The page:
A bitterly cold day on Royal Deeside. Twenty two pipers played in the ceol mor. The standard was good among the prizewinners but there were many fine tunes ruined by cold fingers and chanter reeds simply seizing up.
Piobaireachd for the Braemar Gold Medal (the winner receives no prizemoney only the medal which is valued at over £1,000):
1 Gordon McCready, Battle of the Pass of Crieff (pictured top)
2 Nick Hudson, Lord Lovat’s Lament
3 John Angus Smith, Isabel MacKay
4 Innes Smith, Lament for Donald Duaghal MacKay
5 Andrew Lee, Big Spree
6 Ed McIlwaine, Blue Ribbon
Judges: M McRae, R Wallace, D Watson; eight tunes asked for.
1 Jori Chisholm
2 Ashley McMichael
3 Craig Muirhead
4 Ursa Beckford
5 Greig Canning
6 Nick Hudson
1 Jori Chisholm
2 Eric Ouellette
3 Ashley McMichael
4 Graham Mulholland
5 Andrew Lee
6 G McCready
Judges: J Banks, S Samson, A Wright
Champion Piper trophy and Overseas Medal went to Jori Chisholm. The medal is described as ‘silver’ but its appearance is exactly the same as the Gold Medal for Piobaireachd.
Of the piobaireachd event, adjudicator Robert Wallace writes: The cold wind made it very difficult for pipers playing for the medal, particularly those on early in the day when the temperature hovered around 6 – 8 degs. C. However the cold did not seem to affect the eventual winner Gordon McCready. He set his bold instrument perfectly and proceeded to give us a controlled and well set out tune, the ground doubling particularly impressive. A few tight crunluaths a mach towards the end did not detract, given the circumstances. With this win Gordon secured the Grampian League Games Championship for both Light Music and Piobaireachd, possibly the first time a denizen of the wilds of Renfrewshire has secured these titles.
Second prize went to Nick Hudson from the US. This was a very good Lord Lovat’s Lament marred only by a choke and a few misses in the T&C. Perhaps more music could have been brought out of the ground, but this will come as this young player matures and his confidence grows. Third went to Oban Gold Medallist John Angus Smith. His Isabel MacKay was attractively presented – with the notable exception of the third ground where a bout of sharp cutting put the bench on edge.
Fourth went to Innes Smith with a good Lament for Donald Duaghal MacKay, though more could have been made of the phrasing in variation 1 and he cut the E between the two high As in the ground too severely. Andrew Lee from BC gained fourth prize with the Big Spree – good pipe and finger – just needing more expression, particularly Var 1. The last of the prizes went to Ed McIlwaine also from BC. He was inconsistent with his cadences in the Thumb and the Thumb doubling was too round for my taste. That said, parts of this tune were eminently listenable.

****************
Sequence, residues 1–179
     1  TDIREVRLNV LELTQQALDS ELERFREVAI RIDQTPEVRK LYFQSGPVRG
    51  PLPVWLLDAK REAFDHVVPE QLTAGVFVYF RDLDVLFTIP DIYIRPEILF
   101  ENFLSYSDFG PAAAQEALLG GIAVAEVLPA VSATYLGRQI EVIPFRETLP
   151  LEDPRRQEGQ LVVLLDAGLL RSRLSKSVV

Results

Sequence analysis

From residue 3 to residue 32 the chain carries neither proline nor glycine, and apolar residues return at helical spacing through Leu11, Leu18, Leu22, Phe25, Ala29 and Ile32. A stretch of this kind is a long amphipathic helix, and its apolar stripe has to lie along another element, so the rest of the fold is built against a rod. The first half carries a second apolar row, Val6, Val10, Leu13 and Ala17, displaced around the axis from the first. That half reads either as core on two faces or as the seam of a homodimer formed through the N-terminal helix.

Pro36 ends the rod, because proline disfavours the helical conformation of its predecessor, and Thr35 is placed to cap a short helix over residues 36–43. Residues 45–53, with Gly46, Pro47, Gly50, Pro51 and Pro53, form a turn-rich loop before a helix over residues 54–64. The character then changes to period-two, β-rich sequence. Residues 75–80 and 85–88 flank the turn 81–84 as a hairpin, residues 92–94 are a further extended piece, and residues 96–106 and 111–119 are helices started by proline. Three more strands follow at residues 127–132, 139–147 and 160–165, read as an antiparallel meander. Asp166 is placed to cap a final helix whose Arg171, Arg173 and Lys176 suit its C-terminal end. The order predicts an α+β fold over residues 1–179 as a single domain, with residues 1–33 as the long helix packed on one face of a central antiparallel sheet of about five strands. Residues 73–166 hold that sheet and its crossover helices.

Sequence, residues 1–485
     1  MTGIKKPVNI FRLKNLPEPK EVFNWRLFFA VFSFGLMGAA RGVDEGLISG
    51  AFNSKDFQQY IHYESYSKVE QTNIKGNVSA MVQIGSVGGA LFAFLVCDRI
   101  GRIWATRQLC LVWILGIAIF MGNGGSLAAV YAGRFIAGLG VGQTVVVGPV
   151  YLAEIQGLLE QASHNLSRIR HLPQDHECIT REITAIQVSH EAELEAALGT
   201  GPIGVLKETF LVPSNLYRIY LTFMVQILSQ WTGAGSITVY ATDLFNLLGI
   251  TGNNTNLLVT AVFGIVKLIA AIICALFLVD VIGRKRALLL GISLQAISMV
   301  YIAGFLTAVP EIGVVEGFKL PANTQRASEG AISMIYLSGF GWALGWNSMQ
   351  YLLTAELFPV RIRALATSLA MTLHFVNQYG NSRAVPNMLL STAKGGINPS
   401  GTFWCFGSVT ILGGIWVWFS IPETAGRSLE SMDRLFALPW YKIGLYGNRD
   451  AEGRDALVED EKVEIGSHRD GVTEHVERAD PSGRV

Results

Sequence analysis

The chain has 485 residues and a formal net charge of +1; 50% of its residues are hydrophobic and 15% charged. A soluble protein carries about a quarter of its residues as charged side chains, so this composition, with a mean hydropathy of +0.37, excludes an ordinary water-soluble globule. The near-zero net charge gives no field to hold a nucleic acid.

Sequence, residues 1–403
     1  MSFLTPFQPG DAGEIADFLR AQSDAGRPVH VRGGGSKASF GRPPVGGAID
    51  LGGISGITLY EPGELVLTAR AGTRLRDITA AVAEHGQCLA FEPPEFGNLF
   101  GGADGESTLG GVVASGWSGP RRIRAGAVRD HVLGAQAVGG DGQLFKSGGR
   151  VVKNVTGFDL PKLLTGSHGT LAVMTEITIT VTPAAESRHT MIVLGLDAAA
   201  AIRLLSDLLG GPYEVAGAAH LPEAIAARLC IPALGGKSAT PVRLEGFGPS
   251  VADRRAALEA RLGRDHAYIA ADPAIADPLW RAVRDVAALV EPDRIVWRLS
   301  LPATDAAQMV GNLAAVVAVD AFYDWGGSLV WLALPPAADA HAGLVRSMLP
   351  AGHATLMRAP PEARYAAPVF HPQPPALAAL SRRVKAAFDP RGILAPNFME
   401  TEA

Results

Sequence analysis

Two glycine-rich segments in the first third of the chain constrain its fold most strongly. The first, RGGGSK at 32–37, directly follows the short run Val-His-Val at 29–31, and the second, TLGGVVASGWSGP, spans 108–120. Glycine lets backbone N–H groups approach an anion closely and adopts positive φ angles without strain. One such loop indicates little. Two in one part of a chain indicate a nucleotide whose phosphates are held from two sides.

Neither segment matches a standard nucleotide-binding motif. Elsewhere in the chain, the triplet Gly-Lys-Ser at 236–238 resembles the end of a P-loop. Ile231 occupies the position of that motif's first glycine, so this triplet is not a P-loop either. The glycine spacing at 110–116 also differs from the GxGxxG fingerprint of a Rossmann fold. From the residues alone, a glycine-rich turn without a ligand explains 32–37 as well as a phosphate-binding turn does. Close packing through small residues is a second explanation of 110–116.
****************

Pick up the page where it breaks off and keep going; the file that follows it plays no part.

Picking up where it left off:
Of those who didn’t make the prizelist, Andy Wilson from Northern Ireland must receive special mention. His Nameless Dro o Dro was going along beautifully until the reed seized in the taorluath. The groundwork and Var 1 were a model of timing and phrasing – the pipe was good too. Jonathan Greenlees, a previous winner of the medal, had a wrong note and a grounded taorluath that shouldn’t have been. His echoes in the urlar did not.
Ben McClamrock’s Mary MacLeod started well but after the ground lacked pulse and momentum; Dan Lyden cut up to the high A in MacKay’s Banner Thumb doubling and was a bit laboured with his fingering later on (the cold); Ursa Beckford promised much with the Unjust Incarceration but forced on the third line of each variation of the tune like a man possessed and nipped the life out of the dithis. A more controlled approach and Ursa will do well with this tune; Jamie Forrester had a very good ground in the Nameless Cherede Darievea before the pipe collapsed on him; Derek Midgley lacked fluency in his Red Hector – good instrument; Eric Ouellette had a couple of wrong notes and a severe cut to high A at the end of the ground of Park Piob 2; Matt Fraser was going along nicely in MacCrimmon’s Sweetheart then stopped abruptly citing ‘drones too far out’. Well Matt, they didn’t sound too bad to the bench. At the games it’s best always to finish the tune, even if they drift a bit. Matt Pantaleoni had the right idea with the King’s Taxes and has developed a neat way of walking backwards into the wind – but it wasn’t enough to save him from the bitter blast, the finger and pipe both degenerating as the tune went on.
Braemar was the end of the season for many overseas visitors and I think it appropriate that we salute their support and endeavour over the summer. These pipers from Canada, the US, Australia, New Zealand, spend thousands of dollars to make the trip to Scotland each year. I hope they find it rewarding. Their support helped prop up many an ailing Highland games, so we salute them for that and hope they will return next year for another summer of cold, rain, midges and grumpy faced judges – and the chance of glory on the most important piping stages in the world.